Posts

September 13, 2014

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12:45 AM | a culture of safety
Someone on ask a manager recently asked for advice on creating a "culture of safety" (sorry, can't find the link now).In the environmental biz, safety is A Big Deal, not because we're all intrinsically concerned about it (I mean, of course we are!), but because of the nature of the work and the clients. Most major clients (government, heavy industry, large corporations) in the modern era have found that if they have a problem (property/environmental damage, injuries, deaths), they can't just […]
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12:08 AM | Curiosity update, sols 727-747: Beginning the "Mission to Mount Sharp"
A lot has happened behind the scenes on the Curiosity mission in the last few weeks. The mission received a pretty negative review from a panel convened to assess the relative quality of seven different proposed extended planetary science missions. Then, just a week later, the mission announced big news: they have arrived at Mount Sharp.

September 12, 2014

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10:54 PM | Northern Convergence: Mt. Revelstoke, Where the Columbia Mountains Reach to the Sky (and right into the clouds)
Thanks for all the attention to the post on exfoliation in Twain Harte! 4,000 hits and counting, it's been my most read blogpost in five years (about 10 or 15 times normal traffic). Today we are getting back to our tour of British Columbia and Alberta, one of the most beautiful regions in the world. We last looked at Craigellachie, the site of the completion of the Trans-Canada Railroad. As we continued down the highway, the mountains around us were becoming dramatic.We had been traversing the […]
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9:42 PM | An Updated List of NASA's Commercial Crew Partner Milestones
Ahead of NASA's CCiCap partner selection, here is an up-to-date list of each company's milestones.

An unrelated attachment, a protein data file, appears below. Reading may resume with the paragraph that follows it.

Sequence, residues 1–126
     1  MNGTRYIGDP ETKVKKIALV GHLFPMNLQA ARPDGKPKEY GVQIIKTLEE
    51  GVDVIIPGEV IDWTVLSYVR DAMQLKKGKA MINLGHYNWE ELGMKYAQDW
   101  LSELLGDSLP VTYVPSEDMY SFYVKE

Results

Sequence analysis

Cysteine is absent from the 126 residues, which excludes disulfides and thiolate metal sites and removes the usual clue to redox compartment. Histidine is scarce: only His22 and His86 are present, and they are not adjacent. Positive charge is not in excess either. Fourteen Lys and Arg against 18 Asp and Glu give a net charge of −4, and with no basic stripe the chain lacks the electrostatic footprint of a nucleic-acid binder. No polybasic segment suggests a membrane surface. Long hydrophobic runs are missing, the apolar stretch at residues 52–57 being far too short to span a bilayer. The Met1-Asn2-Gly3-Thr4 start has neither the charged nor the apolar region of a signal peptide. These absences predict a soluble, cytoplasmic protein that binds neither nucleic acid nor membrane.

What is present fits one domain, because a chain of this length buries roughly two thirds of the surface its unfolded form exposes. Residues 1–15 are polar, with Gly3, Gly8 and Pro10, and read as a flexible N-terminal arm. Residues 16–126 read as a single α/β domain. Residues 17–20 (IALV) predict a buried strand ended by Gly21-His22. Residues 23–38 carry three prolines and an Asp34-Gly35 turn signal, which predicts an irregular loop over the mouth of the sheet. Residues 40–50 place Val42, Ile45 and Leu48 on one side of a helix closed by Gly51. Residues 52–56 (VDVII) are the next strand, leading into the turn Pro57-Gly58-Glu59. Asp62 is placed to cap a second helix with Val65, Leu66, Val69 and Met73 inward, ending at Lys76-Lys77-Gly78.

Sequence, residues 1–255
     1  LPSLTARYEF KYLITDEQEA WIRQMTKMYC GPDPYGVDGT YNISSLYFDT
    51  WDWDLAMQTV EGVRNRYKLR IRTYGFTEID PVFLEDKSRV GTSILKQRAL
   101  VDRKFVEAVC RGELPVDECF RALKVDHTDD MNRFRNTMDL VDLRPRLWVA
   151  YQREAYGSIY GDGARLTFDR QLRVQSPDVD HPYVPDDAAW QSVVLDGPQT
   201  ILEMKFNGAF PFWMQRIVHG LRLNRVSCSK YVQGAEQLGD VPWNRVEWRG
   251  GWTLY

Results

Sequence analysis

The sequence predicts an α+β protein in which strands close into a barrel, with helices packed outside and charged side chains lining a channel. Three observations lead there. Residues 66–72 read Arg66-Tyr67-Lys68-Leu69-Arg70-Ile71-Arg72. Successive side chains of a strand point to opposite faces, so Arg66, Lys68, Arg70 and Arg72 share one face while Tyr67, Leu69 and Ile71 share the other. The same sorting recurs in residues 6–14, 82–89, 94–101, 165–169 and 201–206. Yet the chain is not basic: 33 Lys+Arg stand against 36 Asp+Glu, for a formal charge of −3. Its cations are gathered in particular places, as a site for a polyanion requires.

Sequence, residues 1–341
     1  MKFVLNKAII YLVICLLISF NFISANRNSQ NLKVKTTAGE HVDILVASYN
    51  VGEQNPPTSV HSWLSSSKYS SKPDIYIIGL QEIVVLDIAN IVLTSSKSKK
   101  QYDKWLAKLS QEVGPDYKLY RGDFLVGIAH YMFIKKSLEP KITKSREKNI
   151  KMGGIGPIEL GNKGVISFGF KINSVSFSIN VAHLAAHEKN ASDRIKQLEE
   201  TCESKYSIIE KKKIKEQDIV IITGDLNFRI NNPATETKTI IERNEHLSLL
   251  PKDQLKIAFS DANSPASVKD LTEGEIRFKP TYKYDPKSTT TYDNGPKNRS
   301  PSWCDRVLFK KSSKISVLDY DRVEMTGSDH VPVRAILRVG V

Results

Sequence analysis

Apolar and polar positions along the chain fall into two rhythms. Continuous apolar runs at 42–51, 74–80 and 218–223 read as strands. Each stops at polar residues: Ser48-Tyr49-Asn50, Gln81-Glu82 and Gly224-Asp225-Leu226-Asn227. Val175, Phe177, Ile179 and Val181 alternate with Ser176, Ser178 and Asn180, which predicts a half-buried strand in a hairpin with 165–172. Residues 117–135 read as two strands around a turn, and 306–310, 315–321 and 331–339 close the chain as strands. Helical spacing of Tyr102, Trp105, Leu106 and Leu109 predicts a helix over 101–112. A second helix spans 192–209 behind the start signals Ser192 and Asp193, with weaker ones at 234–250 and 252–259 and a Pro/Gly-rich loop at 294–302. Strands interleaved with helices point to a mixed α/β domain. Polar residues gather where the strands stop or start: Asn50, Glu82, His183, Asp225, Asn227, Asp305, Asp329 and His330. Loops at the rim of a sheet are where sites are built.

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9:14 PM | Geo 730: September 12, Day 620: Liesegang 2
In early October of 1989, I was hired to do some geochemical reconnaissance mapping and sampling in this area. (See this post for some more information.) It involved following 200 foot contours (constant elevation), collecting samples from the soil B-horizon every 200 feet laterally, flagging sample sites, and mapping those locations as we went. One of the contours my field partner Mark and I were assigned happened to be at approximately the same elevation as this access road, which has been […]
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7:51 PM | Friday Headlines: 9-12-14
Friday Headlines, September 12, 2014 THE LATEST IN THE GEOSCIENCES   Today’s round-up: Parts of I-15 in Nevada destroyed by flooding! The oldest mammal? Exfoliation (in the geologic sense) caught on camera!   I-15 partially open from St. George to … Continue reading →
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7:30 PM | Current status on Bárðarbunga volcano at 19:30 UTC
This information is going to get outdated quickly. Current status on Bárðarbunga volcano There are now two lava lakes (at least) in the fissure that has been erupting in Holuhraun. The eruption has not yet stopped, but it … Continue reading →
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5:01 PM | DNews: Meet the Guy Who Went into a Volcano
Trace sits down with Sam Crossman, star of a viral video this week that depicted his descent into the closest thing to hell on Earth -- an active volcano.
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3:18 PM | OSIRIS-REx Spacecraft Passes First Major Qualification Test
The development of the OSIRIS-REx spacecraft continues to make great progress having recently completed static load testing.
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2:21 PM | “Payback Time” cancer campaign mis-step
Here’s the video and some background. It’s a two minute animation currently showing on British TV, in support of an upcoming Channel 4 cancer research fundraising evening, which will be held on 17th October 2014. The cause is impeccable and I’d urge people to support it. Furthermore, the animation is well made and quite striking. […]